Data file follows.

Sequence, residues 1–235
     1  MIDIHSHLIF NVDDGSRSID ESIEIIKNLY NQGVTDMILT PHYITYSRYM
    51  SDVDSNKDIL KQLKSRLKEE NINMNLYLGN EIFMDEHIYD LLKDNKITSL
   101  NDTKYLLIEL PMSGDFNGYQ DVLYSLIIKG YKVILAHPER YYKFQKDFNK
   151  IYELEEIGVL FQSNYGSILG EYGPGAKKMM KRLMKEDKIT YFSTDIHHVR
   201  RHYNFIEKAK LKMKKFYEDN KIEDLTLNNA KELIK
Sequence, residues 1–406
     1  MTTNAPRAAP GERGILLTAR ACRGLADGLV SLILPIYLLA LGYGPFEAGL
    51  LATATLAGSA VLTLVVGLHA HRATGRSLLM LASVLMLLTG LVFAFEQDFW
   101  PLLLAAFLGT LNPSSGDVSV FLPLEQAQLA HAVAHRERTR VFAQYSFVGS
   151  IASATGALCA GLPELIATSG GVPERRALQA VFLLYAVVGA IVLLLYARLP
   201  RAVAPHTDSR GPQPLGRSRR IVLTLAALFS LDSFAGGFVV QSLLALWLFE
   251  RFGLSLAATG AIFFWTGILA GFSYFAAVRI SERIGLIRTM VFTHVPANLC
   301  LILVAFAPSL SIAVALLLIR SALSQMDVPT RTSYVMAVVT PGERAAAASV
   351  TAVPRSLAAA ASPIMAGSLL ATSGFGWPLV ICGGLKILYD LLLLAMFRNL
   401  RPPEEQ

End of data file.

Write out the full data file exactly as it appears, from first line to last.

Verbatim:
Sequence, residues 1–235
     1  MIDIHSHLIF NVDDGSRSID ESIEIIKNLY NQGVTDMILT PHYITYSRYM
    51  SDVDSNKDIL KQLKSRLKEE NINMNLYLGN EIFMDEHIYD LLKDNKITSL
   101  NDTKYLLIEL PMSGDFNGYQ DVLYSLIIKG YKVILAHPER YYKFQKDFNK
   151  IYELEEIGVL FQSNYGSILG EYGPGAKKMM KRLMKEDKIT YFSTDIHHVR
   201  RHYNFIEKAK LKMKKFYEDN KIEDLTLNNA KELIK
Sequence, residues 1–406
     1  MTTNAPRAAP GERGILLTAR ACRGLADGLV SLILPIYLLA LGYGPFEAGL
    51  LATATLAGSA VLTLVVGLHA HRATGRSLLM LASVLMLLTG LVFAFEQDFW
   101  PLLLAAFLGT LNPSSGDVSV FLPLEQAQLA HAVAHRERTR VFAQYSFVGS
   151  IASATGALCA GLPELIATSG GVPERRALQA VFLLYAVVGA IVLLLYARLP
   201  RAVAPHTDSR GPQPLGRSRR IVLTLAALFS LDSFAGGFVV QSLLALWLFE
   251  RFGLSLAATG AIFFWTGILA GFSYFAAVRI SERIGLIRTM VFTHVPANLC
   301  LILVAFAPSL SIAVALLLIR SALSQMDVPT RTSYVMAVVT PGERAAAASV
   351  TAVPRSLAAA ASPIMAGSLL ATSGFGWPLV ICGGLKILYD LLLLAMFRNL
   401  RPPEEQ